Mizzou Arena traveled back in time for a brief moment on Saturday to when reaching the NCAA tournament was an expectation, not a pipe dream for Missouri men’s basketball.
Fans howled and roared in unison. Missouri students jumped up and down. Sitting on the edge of a seat wasn’t enough — standing became a requirement.
After trailing by 17 early in the game, the Tigers came within four of No. 20 Arizona early in the second half. Center Russell Woods looked to inject even more energy into the excited crowd with a dunk while also bringing Missouri within two. But he missed.
His missed dunk became a turning point when this energetic scene quickly changed as the Wildcats went on a 25-4 run to ultimately win 79-60.
This trip back to a bygone era that was only four years ago provided hope for the 7,532 Missouri fans in attendance. But it’s going to take more than hope to fill the stands.
Missouri is the “Show-Me” state for a reason. The largest crowd of Missourians that Mizzou Arena has seen this season came hoping to see improvement in coach Kim Anderson’s third year in Columbia.
Instead, Missouri showed its fans a basketball team that makes you want to cover your eyes when it shoots.
The Tigers failed to score a field goal for almost 10 minutes late in the second half. They also made only one three-point basket in that same half. Good luck keeping any crowd engaged with stats like those — especially when it already has little faith in your basketball team.
Players have tried to change that. Terrence Phillips, Kevin Puryear and Willie Jackson visited the student center to give out student tickets for the Arizona game, purchasing many of them themselves. They also made an effort to create excitement on Twitter.
Mizzou offered the incentive of free Chick-fil-A for the first 500 in attendance, along with a chance to win an Xbox One.
It’s all an effort to make Mizzou Arena what it was when Phillips, Puryear and Jackson were underclassmen in high school.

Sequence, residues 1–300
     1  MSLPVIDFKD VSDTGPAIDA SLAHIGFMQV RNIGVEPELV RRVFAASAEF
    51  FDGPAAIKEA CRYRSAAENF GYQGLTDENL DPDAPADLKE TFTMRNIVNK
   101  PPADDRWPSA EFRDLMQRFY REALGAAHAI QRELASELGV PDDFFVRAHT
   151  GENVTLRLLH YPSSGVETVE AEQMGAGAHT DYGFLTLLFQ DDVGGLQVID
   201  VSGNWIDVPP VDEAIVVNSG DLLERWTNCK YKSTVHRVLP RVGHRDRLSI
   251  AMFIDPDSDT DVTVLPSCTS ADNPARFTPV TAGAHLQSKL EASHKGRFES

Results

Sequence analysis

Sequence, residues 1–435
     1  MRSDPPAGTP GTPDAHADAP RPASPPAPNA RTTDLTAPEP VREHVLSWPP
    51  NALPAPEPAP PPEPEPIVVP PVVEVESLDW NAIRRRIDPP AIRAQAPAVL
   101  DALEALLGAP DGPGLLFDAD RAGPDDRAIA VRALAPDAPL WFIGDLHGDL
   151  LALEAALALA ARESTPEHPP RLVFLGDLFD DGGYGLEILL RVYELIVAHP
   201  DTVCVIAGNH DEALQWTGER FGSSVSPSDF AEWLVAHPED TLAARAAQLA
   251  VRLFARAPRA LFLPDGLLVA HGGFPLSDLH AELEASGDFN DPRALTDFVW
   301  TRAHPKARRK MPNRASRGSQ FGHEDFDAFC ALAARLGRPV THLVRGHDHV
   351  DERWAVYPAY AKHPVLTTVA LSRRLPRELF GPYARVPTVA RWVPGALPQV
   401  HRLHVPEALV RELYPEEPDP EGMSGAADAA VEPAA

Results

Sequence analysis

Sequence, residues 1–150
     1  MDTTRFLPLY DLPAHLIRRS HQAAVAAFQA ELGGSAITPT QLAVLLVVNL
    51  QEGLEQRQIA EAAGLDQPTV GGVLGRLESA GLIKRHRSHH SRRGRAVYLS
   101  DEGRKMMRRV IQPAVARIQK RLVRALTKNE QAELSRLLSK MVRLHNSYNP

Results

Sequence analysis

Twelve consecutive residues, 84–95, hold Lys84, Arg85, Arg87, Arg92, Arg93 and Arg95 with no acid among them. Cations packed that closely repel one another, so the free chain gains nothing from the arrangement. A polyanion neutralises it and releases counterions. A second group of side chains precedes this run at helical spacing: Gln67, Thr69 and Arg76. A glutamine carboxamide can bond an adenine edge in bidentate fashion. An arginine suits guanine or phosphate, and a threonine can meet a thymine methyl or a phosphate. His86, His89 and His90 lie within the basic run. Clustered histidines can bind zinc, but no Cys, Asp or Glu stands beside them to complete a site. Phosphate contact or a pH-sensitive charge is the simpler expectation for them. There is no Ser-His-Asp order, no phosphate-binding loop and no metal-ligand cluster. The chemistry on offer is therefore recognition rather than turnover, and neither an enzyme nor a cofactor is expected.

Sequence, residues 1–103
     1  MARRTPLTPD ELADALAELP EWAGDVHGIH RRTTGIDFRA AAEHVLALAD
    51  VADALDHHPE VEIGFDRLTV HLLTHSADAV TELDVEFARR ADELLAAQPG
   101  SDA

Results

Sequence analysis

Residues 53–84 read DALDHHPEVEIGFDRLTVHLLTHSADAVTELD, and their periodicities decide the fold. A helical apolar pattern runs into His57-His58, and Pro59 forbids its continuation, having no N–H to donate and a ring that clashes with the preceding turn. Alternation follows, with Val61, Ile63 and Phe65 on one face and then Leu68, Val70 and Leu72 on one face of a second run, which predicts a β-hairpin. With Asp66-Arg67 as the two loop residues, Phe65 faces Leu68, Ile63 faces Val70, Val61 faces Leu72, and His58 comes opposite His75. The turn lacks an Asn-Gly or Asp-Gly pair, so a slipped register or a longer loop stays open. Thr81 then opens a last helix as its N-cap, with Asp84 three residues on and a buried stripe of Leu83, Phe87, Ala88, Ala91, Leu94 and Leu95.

“We want it to feel like The Zou in here,” Phillips said earlier in the week. “We want to make it a hostile place to play in.”
T.J. Hinch, a senior and former MSA vice-presidential candidate who attended Saturday’s game, remembers those days, having grown up a Tiger fan. Hinch called those games in 2008, the year Mizzou made the Elite Eight, an experience. He also attended games during the 2012-13 season. Mizzou Arena averaged about 12,000 fans per game that year en route to an NCAA tournament appearance.
“It was a whole other level,” Hinch said. “It was completely electric.”
What felt like an electric jolt on Saturday showed to be nothing more than a small shock from a doorknob via static electricity.
The problem is two-fold. Until Missouri starts winning games against opponents who aren’t from schools most fans haven’t heard of, fans won’t energize Mizzou Arena similar to four years ago. But until fans start coming and giving the Tigers an advantage on their home court, Missouri won’t likely win many games.
It’s on Anderson and his team to break that cycle.
Until then, Missouri’s sixth man will stay home.
Edited by Eli Lederman | firstname.lastname@example.org